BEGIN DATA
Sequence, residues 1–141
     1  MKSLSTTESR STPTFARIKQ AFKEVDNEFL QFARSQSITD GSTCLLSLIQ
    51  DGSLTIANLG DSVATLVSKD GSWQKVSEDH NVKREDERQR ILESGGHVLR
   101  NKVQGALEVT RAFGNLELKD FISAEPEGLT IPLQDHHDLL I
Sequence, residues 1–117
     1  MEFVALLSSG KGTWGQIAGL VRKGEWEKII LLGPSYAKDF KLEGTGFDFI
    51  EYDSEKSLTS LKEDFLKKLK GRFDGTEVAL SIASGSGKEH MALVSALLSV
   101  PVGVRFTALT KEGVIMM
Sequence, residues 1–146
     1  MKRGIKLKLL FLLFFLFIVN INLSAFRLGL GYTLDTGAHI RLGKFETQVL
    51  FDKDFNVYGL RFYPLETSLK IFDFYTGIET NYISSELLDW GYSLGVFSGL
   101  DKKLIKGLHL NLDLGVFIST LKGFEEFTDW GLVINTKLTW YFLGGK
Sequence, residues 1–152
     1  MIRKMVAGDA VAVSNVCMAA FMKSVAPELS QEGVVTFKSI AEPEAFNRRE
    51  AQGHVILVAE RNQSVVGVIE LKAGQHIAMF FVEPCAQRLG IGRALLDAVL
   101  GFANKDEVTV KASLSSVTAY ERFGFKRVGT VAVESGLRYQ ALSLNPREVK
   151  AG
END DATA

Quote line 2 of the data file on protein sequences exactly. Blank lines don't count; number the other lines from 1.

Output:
     1  MKSLSTTESR STPTFARIKQ AFKEVDNEFL QFARSQSITD GSTCLLSLIQ